NICE • The man who killed 84 Bastille Day revellers in the French city of Nice by driving a truck into a crowd had been radicalised recently and quickly, French Prime Minister Manuel Valls said, as a further 18 victims fought for their lives.
Last Thursday's attack plunged France into new grief and fear just eight months after extremist gunmen killed 130 people in Paris.
Interior Minister Bernard Cazenueve has called on young "patriots" to join and boost the 12,000- strong volunteer force to help relieve exhausted security forces.
Health Minister Marisol Touraine said 18 people, including one child, were in critical condition, while about 85 people in all were still hospitalised after the attack.
The French authorities have yet to produce evidence that 31-year-old Mohamed Lahouaiej Bouhlel, shot dead by police, had any actual links to the Islamic State in Iraq and Syria (ISIS). But the group claimed the attack and Mr Valls said there was no doubting the assailant's motives.
"The investigation will establish the facts but we know now that the killer was radicalised very quickly," he said in an interview with Sunday newspaper Le Journal du Dimanche.
No evidence had been produced to show how he underwent that rapid transformation from someone with no apparent interest in religion. Relatives and friends interviewed in Nice painted a picture of a man who at least until recently drank alcohol, smoked marijuana and according to French media even ate pork, unlikely behaviour in a devout Muslim.
A report in the Nice Matin newspaper yesterday said investigators had found no radicalisation material in his flat, but were still looking at his telephone and his computer.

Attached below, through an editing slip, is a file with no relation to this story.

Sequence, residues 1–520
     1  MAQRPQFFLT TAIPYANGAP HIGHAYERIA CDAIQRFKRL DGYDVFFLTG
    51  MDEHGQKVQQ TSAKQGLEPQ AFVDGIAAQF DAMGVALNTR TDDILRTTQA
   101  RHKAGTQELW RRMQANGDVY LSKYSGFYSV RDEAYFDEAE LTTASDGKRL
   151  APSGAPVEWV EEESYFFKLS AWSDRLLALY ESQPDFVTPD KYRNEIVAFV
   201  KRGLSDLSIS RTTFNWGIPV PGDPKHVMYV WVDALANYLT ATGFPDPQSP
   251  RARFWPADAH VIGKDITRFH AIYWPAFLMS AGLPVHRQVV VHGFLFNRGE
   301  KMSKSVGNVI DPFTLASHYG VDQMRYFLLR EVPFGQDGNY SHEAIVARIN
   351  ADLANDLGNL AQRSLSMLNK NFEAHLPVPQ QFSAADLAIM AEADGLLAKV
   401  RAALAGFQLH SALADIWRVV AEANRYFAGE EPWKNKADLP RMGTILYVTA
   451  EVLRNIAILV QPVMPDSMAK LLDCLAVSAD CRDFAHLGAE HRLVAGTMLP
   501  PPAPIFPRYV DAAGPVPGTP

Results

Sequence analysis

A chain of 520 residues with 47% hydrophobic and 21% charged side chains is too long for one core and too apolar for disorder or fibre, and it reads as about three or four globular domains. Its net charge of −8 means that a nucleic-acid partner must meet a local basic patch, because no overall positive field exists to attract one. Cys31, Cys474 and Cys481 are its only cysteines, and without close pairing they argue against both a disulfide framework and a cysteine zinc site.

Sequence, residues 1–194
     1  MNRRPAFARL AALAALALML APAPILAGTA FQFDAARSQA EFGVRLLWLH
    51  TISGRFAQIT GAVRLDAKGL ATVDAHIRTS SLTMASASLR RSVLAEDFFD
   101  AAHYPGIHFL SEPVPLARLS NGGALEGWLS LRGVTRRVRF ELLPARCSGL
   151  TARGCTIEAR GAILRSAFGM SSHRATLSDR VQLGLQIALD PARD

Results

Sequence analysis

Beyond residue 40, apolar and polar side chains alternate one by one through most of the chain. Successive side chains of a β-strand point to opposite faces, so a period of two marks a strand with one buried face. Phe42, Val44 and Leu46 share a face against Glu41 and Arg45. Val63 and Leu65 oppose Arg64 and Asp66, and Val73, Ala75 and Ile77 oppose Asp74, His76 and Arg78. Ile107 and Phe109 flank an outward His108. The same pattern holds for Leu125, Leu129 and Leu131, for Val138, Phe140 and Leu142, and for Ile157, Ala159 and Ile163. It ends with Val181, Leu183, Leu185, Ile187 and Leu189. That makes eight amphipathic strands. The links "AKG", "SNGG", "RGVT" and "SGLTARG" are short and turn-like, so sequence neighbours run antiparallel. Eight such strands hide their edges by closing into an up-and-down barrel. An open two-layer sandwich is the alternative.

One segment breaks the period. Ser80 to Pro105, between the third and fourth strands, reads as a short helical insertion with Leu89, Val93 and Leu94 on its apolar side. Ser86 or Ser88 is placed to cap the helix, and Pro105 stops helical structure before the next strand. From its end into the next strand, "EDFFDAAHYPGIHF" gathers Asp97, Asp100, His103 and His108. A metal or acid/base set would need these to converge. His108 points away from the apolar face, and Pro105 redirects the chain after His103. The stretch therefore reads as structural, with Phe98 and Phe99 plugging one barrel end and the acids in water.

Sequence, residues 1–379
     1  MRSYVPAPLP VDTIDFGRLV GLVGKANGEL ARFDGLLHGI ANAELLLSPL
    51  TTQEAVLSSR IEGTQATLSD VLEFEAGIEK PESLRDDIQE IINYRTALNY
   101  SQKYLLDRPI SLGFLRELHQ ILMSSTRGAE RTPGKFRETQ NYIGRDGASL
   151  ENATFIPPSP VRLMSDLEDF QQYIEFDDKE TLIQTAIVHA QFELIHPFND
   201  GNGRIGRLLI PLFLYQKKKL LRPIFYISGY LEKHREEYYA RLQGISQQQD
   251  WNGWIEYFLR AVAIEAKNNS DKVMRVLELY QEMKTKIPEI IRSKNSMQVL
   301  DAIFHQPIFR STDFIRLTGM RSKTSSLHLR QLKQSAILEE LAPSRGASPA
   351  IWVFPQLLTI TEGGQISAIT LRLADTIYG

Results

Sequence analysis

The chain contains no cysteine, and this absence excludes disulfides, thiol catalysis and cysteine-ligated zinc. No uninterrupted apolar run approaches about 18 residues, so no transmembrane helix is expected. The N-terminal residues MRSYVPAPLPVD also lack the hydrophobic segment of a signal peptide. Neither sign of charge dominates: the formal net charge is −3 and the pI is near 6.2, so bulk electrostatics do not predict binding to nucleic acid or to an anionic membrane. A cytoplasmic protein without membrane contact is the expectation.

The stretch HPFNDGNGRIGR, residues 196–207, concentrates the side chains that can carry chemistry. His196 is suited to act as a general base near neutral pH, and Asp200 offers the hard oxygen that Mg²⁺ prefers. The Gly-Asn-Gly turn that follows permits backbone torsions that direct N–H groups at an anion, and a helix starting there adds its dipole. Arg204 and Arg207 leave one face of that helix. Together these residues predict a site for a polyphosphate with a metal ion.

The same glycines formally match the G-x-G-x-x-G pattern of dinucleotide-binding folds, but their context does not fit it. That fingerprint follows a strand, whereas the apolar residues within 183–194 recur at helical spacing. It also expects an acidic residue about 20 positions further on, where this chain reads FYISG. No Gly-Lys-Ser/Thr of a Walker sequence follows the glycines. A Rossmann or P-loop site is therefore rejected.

Speaking from his hometown in Tunisia, Bouhlel's sister said he had been having psychological problems when he left for France in 2005 and had sought medical help.
As the authorities were trying to better understand his motives, two more people, a man and a woman close to Bouhlel, were arrested in Nice early yesterday. Three others arrested earlier were still being held, but Bouhlel's estranged wife was released without charges.
Amaq, a news agency affiliated to ISIS, claimed on Saturday that Bouhlel was an ISIS soldier. It considers France a key target given its military operations in the Middle East, and also because it is easier to strike than the United States.
France is also home to Europe's biggest Muslim population, and has been criticised in some quarters for fostering racial, ethnic and religious disharmony through its strict adherence to a lay culture that allows no place for religion and ethnicity in schools and civic life.
Mr Valls defended France's record on attacks, saying security services had prevented 16 over three years and said ISIS' modus operandi of cajoling unstable people into staging attacks was hard to combat.
"Daesh gives unstable individuals an ideological kit that allows them to make sense of their acts... This is probably what happened in Nice's case," he said, referring to the Arabic acronym for ISIS.
Despite mounting criticism from the conservative opposition and the far right over how President Francois Hollande's Socialist government is handling security, Mr Valls said there was no such thing as zero risk and that new attacks would occur.
"I've always said the truth regarding terrorism: There is an ongoing war, there will be more attacks. It's a difficult thing to say but other lives will be lost."
REUTERS, AGENCE FRANCE-PRESSE